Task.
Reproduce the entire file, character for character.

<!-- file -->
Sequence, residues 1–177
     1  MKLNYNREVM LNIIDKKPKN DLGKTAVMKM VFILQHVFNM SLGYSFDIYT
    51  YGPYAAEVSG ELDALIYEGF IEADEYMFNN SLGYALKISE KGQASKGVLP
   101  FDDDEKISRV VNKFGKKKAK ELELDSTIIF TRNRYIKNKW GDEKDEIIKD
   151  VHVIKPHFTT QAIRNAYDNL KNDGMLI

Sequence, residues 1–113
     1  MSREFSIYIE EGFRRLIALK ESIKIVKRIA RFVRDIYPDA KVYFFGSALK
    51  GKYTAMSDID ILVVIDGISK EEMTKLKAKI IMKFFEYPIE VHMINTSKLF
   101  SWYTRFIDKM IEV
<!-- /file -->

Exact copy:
Sequence, residues 1–177
     1  MKLNYNREVM LNIIDKKPKN DLGKTAVMKM VFILQHVFNM SLGYSFDIYT
    51  YGPYAAEVSG ELDALIYEGF IEADEYMFNN SLGYALKISE KGQASKGVLP
   101  FDDDEKISRV VNKFGKKKAK ELELDSTIIF TRNRYIKNKW GDEKDEIIKD
   151  VHVIKPHFTT QAIRNAYDNL KNDGMLI

Sequence, residues 1–113
     1  MSREFSIYIE EGFRRLIALK ESIKIVKRIA RFVRDIYPDA KVYFFGSALK
    51  GKYTAMSDID ILVVIDGISK EEMTKLKAKI IMKFFEYPIE VHMINTSKLF
   101  SWYTRFIDKM IEV